While we go into more detail in our first overview article, the main takeaway is this: 

  • Focused-attention meditation techniques improve overall cognition and shift the practitioner’s thinking more towards a convergent state. 
  • Open-monitoring meditation also improves overall cognition, though it leads practitioners to a more divergent or creative state

Because open-monitoring meditation has passive qualities, it’s practice requires little instruction beyond simply observing and not chasing down thoughts.

Focused-attention meditations, on the other hand, are somewhat less clear for a new practitioner. 

Many of the most common meditation apps available today have what often appear to be elaborate themes of alternating between body scans, intentional breathing, and visualizations. These more complex sessions are difficult to learn and seem to require the guiding voice projecting commands from your phone. 

Instead, let’s discuss a practice that gets you the benefits of focused-attention meditations without complexity: Trataka. 

Trataka meditation involves pin-point gazing on the tip of a candle flame, an unmoving black dot, or a similar point in space. By eliminating eye movements, thinking becomes focused, clear, and calm. 

If you want to begin Trataka meditation, most suggestions include keeping the point of focus directly in front of your eyes when you have a strong, straight spine and good posture. Beyond that one overarching guideline, Trataka can be practiced anywhere you go. For example, if you take a bus to work or practice, simply find a period on an advertisement or the top of a screw in the wall. Some practitioners even suggest Trataka can be performed by imagining a dot in your mind with closed eyes.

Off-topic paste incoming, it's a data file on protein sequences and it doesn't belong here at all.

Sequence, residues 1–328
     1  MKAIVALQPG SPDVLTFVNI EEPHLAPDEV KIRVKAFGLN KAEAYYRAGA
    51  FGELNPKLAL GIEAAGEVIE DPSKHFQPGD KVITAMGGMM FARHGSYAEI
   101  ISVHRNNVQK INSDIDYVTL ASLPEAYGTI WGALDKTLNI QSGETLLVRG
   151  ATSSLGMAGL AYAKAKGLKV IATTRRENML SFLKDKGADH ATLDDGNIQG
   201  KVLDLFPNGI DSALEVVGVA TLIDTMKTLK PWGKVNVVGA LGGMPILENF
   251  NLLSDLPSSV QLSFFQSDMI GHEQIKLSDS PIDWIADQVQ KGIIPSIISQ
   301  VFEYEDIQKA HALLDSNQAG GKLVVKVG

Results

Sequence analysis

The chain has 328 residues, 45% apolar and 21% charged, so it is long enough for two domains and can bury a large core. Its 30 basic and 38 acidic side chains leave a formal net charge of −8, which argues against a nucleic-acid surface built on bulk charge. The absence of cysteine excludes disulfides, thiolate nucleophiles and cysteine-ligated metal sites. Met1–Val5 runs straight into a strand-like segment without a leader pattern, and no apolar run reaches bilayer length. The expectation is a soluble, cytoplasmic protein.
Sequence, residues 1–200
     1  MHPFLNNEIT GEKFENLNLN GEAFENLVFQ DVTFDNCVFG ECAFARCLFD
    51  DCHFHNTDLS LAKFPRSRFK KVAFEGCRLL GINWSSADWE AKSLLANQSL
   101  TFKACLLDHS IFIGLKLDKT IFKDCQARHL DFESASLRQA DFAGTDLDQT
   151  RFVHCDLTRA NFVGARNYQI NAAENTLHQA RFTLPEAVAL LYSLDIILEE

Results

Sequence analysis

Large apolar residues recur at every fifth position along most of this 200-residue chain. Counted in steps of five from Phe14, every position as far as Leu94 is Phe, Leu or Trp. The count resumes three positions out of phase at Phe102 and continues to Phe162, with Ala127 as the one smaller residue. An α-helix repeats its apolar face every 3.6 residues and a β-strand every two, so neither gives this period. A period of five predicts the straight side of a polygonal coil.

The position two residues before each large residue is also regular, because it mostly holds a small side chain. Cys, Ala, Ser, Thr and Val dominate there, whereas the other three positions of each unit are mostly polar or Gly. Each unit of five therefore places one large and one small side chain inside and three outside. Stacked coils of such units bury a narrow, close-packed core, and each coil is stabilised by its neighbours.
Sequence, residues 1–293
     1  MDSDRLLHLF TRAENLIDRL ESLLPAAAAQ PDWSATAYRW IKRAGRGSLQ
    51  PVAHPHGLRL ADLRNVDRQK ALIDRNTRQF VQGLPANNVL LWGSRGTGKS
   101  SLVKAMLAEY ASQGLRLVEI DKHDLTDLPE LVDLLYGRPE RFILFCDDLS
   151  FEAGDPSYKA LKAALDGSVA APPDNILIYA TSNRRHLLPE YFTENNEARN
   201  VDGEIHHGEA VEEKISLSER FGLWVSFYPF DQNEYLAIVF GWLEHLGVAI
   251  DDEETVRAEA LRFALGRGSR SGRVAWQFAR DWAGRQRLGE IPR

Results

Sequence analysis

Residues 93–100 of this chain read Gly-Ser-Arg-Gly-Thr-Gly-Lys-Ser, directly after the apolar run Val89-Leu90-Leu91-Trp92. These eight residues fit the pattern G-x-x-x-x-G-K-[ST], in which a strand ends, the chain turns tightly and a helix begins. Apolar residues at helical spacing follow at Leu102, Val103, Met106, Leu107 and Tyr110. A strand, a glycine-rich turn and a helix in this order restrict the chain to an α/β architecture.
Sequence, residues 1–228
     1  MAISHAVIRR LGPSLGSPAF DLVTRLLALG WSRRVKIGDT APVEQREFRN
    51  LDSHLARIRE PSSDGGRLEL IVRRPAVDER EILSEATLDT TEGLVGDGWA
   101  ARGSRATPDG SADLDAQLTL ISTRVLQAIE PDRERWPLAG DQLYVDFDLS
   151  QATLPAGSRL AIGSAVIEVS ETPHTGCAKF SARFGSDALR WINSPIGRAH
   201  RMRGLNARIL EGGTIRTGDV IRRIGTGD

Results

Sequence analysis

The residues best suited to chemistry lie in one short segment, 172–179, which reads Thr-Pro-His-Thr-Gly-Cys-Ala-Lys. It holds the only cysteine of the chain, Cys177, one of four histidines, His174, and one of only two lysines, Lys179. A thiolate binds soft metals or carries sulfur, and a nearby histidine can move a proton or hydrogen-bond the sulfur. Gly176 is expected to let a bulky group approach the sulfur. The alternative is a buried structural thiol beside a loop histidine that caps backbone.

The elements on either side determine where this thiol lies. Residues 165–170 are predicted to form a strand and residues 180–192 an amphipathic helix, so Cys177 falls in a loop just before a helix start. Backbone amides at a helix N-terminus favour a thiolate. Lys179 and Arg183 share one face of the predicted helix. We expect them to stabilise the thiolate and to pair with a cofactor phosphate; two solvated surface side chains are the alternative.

Interestingly for athletes, Trataka forms of meditation strengthen some of the same muscles in your eyes as those used for motion tracking. Specifically for baseball hitters, eye stability while tracking a baseball is one of the most accurate predictors of batting success. Countless studies have repeatedly demonstrated the importance of eye stability when predicting the point of contact on the baseball bat. [5]

It takes little imagination to see where improved eye stability and gaze accuracy can improve the performance in other sports. Generally, sport activity = motion. 


  1. Hommel et al. Meditation and Metacontrol. J Cogn Enhanc (2017) 1:115-121 
  2. Colzato, L. S., Sellaro, R., Samara, I., Baas, M., & Hommel, B. Meditation-induced states predict attentional control over time. Consciousness and Cognition, 37, 57–62
  3. Colzato, L. S., Szapora, A., Lippelt, D., & Hommel, B. (2017). Prior meditation practice modulates performance and strategy use in convergent- and divergent-thinking problems. Mindfulness, 8, 10–18.
  4. Colzato, L. S., Ozturk, A., & Hommel, B. (2012). Meditate to create: the impact of focused-attention and open-monitoring training on convergent and divergent thinking. Frontiers in Psychology, 3(116), 1–5.
  5. Kishita Y, Ueda H, Kashino M. Eye and Head Movements of Elite Baseball Players in Real Batting. Front Sports Act Living. 2020;2:3. Published 2020 Jan 29. doi:10.3389/fspor.2020.00003